I need your help. It's about my wife. Please call me or email me back, but =please= get back to me.
It was signed "Lewis Ehler" and he'd left two numbers, one in Brooklyn, the other on Long Island.
It's about my wife--not some guy who wanted to know if she was cheating, he hoped. Marital problems weren't in Jack's line.
He had another job just starting up, but that promised to be mostly night work. Which meant his days would be free.
He wrote down the numbers, then headed out to make the call.
Copyright 2000 by F. Paul Wilson


Excerpted from Conspiracies by Wilson, F. Paul Copyright © 2000 by Wilson, F. Paul. Excerpted by permission.
All rights reserved. No part of this excerpt may be reproduced or reprinted without permission in writing from the publisher.
Excerpts are provided by Dial-A-Book Inc. solely for the personal use of visitors to this web site.
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Customer Reviews

Average Rating 4.5
( 17 )
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Sort by: Showing all of 17 Customer Reviews
  • Anonymous

    Posted April 2, 2012

    Good, but so far my least favorite of any F. Paul Wilson novel I

    Good, but so far my least favorite of any F. Paul Wilson novel I have read. I found it a little difficult to follow at times. Not sure why the itineraries for SESOUP were given, especially the Sunday one at the end. The only thing I can think of for the Sunday one to be listed at the end would be to indicate that the story didn't end with Conspiracies. That it would continue in a different book. The different conspiracy theories were interesting, bizarre, but interesting. I found too many unanswered questions. For instance, who killed Olive? Why? Why was her body mutilated so badly and was she still alive when it happened? What happened to the computer disks that Melanie gave her and what was on them? And who the hell are the MIB Twins? What is up with the sunglasses that didn't have lenses? If they weren't from the "Otherness", then where did they come from, who sent them, and what is their agenda? Why did the hole close up when they fell into it? What kind of "torch" did the one twin pass onto Jack? Not to mention, what kind of creatures are they anyway? What exactly happened in 1968 to cause the infant mutations and who was responsible for it? I just found parts of this book vague and disjointed. Which was strange considering the detail Wilson went into describing the different conspiracy theories.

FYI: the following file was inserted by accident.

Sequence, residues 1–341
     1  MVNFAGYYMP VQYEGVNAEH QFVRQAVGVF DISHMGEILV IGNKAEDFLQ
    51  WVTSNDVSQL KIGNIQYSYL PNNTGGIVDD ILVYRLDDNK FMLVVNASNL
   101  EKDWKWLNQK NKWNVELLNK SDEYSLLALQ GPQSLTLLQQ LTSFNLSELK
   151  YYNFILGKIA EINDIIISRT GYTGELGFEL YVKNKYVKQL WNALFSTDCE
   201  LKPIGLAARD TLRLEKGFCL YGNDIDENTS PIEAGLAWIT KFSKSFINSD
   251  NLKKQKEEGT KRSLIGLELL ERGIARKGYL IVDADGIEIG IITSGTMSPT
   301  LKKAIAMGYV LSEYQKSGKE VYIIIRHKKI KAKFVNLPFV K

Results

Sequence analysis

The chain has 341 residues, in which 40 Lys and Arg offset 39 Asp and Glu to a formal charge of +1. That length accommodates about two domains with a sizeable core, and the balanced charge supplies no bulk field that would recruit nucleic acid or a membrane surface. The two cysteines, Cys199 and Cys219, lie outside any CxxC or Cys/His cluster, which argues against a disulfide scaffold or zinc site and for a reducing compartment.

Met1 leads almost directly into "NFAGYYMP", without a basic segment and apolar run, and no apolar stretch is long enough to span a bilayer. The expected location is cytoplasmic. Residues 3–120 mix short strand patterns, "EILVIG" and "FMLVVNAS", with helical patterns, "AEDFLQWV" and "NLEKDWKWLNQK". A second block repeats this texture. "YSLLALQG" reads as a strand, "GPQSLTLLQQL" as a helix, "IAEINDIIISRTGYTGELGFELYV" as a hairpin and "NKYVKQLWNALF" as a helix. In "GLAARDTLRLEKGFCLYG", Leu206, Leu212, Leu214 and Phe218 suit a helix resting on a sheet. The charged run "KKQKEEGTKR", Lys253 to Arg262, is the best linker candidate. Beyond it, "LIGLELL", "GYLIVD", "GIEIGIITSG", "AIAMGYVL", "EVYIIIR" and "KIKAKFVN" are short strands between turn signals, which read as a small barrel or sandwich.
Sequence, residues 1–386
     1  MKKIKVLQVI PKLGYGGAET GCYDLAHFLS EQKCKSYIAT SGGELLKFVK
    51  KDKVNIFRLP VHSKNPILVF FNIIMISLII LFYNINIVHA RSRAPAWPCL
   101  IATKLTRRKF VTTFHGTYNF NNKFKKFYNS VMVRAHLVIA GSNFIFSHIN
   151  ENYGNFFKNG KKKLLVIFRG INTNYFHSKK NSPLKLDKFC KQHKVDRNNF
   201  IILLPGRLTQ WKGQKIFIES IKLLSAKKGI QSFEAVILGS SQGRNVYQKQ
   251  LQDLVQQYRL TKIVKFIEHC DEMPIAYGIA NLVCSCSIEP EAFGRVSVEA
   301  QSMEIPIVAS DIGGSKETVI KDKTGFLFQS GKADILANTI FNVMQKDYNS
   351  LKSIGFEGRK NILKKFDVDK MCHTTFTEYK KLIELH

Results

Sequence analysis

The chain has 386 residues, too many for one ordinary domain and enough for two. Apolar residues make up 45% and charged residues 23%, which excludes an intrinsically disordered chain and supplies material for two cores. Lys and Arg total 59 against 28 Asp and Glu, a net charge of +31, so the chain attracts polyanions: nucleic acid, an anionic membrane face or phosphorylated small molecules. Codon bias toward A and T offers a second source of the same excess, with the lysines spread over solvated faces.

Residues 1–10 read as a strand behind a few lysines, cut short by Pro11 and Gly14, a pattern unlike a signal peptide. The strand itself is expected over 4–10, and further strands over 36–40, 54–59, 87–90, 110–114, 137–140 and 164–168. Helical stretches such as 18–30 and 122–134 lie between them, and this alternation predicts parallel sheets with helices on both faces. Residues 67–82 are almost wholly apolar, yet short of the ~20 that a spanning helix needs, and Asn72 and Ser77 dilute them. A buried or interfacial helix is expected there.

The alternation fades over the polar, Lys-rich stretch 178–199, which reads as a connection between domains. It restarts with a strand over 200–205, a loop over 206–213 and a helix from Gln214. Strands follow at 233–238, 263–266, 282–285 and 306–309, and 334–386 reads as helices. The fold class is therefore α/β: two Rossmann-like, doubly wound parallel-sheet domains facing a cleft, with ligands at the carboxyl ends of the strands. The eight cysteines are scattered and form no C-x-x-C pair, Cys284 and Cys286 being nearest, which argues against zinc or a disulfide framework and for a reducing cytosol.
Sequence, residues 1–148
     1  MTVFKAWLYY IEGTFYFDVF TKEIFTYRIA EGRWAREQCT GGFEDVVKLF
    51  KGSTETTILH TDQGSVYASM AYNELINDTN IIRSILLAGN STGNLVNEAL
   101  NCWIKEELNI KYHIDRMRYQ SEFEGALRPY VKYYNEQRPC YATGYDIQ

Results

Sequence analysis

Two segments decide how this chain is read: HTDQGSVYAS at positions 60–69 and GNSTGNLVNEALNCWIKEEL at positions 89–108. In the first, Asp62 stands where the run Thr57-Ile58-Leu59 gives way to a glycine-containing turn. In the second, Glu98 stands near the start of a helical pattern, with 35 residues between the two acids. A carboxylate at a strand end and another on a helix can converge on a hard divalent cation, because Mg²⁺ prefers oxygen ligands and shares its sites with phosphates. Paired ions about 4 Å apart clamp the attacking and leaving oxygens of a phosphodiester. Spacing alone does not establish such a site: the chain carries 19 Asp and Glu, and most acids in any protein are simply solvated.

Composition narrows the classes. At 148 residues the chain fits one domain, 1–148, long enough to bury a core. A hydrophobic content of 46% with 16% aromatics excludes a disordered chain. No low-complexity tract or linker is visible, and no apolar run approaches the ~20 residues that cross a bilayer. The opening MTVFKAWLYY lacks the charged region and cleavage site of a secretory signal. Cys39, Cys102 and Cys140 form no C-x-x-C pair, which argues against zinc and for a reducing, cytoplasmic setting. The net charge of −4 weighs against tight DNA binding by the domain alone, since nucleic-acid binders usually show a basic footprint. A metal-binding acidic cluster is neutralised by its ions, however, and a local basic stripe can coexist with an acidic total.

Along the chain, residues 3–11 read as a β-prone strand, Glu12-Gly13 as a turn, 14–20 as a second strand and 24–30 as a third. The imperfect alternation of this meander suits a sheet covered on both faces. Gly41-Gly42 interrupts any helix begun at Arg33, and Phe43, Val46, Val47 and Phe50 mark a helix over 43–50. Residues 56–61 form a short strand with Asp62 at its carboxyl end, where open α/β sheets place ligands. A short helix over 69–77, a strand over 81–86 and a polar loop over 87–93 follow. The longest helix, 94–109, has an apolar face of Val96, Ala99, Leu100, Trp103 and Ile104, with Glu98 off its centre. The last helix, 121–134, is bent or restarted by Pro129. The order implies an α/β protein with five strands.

I have loved all the other F. Paul Wilson novels I have read, but this one was a little disappointing. Where the others were "complete", with a beginning, middle and end, I felt that Conspiracies only had a beginning and middle, no conclusion or ending. Maybe the answers to my questions will be found in other Repairman Jack novels. I intend to read all of them because I love the character. How can you not love Repairman Jack?

    1 out of 1 people found this review helpful.

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  • Posted June 9, 2013

    One of the better books in the series. Not as good as Hosts but

    One of the better books in the series. Not as good as Hosts but this one's pretty awesome! The ending was a shocker. Didn't see that one coming. This is a treat for any science fiction or horror fans out there. Great read. Couldn't put it down. Read VERY carefully about the ending. I missed something that was essencial to the plot.

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  • Anonymous